[hist-analytic] Deflationary Truth and Syncategoremata

Baynesr at comcast.net Baynesr at comcast.net
Sun Dec 12 14:41:58 EST 2010

Thanks, Landspeedrecord (?), whoever you are! Much appreciated. Let me just add a clarifying remark and a question or two. We can always go back to some of the details. First, on "syncategorematic." 

X can be a poor violinist without being poor; so Quine's thinking here is that 'x is a poor violinist' does not imply that 'x is poor' on the syncategorematic reading. However, on the categorical reading 'x is a poor violinist' implies that x is both poor and a violinist. He stands in front of the Harvard Coop playing Mozart for quarters. When I used 'modify' my intent was to restrict this to the case where 'poor' in 'poor violinist' modifies x; that is, attributes to the violinist the property of being poor (impoverished) although, maybe, a terrific violinist. My reading of 'poor violinist' on the syncategorematic reading is that 'poor' cannot stand alone as modifying that to which 'poor violinist' is attributed; whereas, in the categorematic reading 'poor' can stand alone to "modify" the "subject" viz. 'violinist', which in such cases can always stand alone. I can't get a sense of 'poor' in your example, 'poor Arnold', of the same sort that I can get in 'Arnold was a poor violinist'. 

My remarks on truth may be senseless. But I'm not sure that the deflationary theory is senseless. It is to say that ''S' is true' says nothing more than would an assertion of 'S'. Now I'm not prepared to either accept or reject this theory, but it does seem to me to make sense. 

Best wishes 


----- Original Message ----- 
From: "Landspeedrecord" <landspeedrecord at gmail.com> 
To: Baynesr at comcast.net, hist-analytic at simplelists.co.uk 
Sent: Sunday, December 12, 2010 12:49:51 PM 
Subject: Re: Deflationary Truth and Syncategoremata 

I don't understand this. I don't understand deflationary theories of truth in general and this cuts nicely to the heart of the matter for me. 

'Poor', in the "syncategorematic" sense is modifying, not another word in the sentence but the referent. So is violinist. They refer in parallel to the referent but not to each other. 

On the other hand, 'poor Arnold' is different. Here 'Arnold' is a proxy/stand-in of the referent - and I am not speaking of rigid designation here. 'Arnold' stands FOR the (hypothetical) person who we refer to as "Arnold". So 'poor' IS modifying 'Arnold'. The property of being poor is added to the mental list (temporarily at least) we are keeping about the properties of 'Arnold'. This is particularly clear in the case where it is understood that there is NO person being referred to, where the name is just being used demonstratively, as it is by me in this case.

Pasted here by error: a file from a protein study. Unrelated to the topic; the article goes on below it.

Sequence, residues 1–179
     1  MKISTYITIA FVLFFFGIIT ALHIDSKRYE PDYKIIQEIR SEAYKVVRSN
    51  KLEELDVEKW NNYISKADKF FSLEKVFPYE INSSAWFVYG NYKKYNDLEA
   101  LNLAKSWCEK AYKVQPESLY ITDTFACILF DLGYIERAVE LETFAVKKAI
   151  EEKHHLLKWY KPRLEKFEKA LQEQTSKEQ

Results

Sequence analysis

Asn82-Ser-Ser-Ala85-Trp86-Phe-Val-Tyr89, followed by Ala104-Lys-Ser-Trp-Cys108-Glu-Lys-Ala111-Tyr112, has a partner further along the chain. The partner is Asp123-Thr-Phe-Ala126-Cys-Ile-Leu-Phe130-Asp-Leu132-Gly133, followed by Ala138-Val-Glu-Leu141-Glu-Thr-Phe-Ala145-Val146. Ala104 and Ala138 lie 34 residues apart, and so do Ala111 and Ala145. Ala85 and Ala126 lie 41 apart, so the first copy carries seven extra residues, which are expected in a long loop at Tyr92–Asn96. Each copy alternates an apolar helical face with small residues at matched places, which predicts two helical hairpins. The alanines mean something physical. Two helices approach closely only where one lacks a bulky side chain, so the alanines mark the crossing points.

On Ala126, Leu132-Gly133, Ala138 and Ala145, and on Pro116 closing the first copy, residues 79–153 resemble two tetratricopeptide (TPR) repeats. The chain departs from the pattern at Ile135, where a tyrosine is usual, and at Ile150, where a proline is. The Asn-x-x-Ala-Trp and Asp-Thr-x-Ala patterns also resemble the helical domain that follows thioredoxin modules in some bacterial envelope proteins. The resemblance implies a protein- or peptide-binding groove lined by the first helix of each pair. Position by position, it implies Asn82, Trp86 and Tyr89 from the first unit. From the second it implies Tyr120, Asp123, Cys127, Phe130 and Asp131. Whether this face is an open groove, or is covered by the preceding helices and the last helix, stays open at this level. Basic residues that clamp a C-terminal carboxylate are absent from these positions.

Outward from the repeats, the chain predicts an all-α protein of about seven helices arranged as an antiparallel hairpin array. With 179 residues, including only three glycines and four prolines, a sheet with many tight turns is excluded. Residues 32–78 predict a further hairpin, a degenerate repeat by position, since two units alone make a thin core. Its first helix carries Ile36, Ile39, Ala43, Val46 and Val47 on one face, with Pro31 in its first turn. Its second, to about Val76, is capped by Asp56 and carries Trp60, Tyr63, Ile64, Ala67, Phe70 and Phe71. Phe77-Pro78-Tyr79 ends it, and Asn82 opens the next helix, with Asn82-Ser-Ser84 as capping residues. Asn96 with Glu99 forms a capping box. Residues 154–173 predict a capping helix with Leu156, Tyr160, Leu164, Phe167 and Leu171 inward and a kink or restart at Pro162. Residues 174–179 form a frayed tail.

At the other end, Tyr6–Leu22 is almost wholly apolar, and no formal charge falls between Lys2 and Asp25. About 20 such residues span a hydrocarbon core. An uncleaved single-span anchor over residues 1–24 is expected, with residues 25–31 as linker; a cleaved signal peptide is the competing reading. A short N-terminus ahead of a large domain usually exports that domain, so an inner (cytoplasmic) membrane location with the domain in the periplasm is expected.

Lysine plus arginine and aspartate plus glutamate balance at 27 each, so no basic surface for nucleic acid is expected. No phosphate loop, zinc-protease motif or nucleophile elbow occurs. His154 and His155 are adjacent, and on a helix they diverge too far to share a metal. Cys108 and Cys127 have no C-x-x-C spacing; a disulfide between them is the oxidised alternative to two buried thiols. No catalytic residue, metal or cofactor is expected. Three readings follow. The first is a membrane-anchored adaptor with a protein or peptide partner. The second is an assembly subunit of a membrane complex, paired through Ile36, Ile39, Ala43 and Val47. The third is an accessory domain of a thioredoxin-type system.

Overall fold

So 'true sentence' is nothing like 'poor violinist' - a much better analogy is 'poor person' or 'poor human'. That is to say, poor is a putative property of the putative person, and true is a putative property of the putative sentence. Until the actual sentence is provided, then yes, in a trivial sense, the term 'truth' is just an emphatic declaration, truth has been deflated - but really what is going on is that truth isn't being deflated... it is being suspended - as is 'poor' when it modifies 'human' - once the referent is given the suspension is OVER. And hence deflation of truth is merely a disguised form of suspended/imaginary truth. 

And so deflationary theories make literally NO sense to me, as I can never get past this issue. 

On Fri, Dec 10, 2010 at 2:33 PM, < Baynesr at comcast.net > wrote: 

Recall Quine's example of syncategoremata: 

'poor violinist' 

Where 'poor' does not modify 'violinist', i.e. in the sense that the violinist may be wealthy. We 

may suppose 'poor violinist' is predicated of 'Jack'. 

Now consider 

'true sentence' 

where 'true' does not modify 'sentence', and where we suppose the true sentence is 'p' (cf. 


So we have it that we might assert ambiguously, either: 

'The violinist is poor' 

'The sentence is true' 

A deflationary theory of truth is consistent with the syncategorematic reading of 'true' in 

'true sentence'. We may assert 

'p is true 

and no more commit ourselves to property attribution that we do when predicating 'poor' of 

the 'violinist' when we say, 

The violinist is poor. 


STeve Bayne 

Pentabarf #5: A Discordian is Prohibited from Believing What he reads. 
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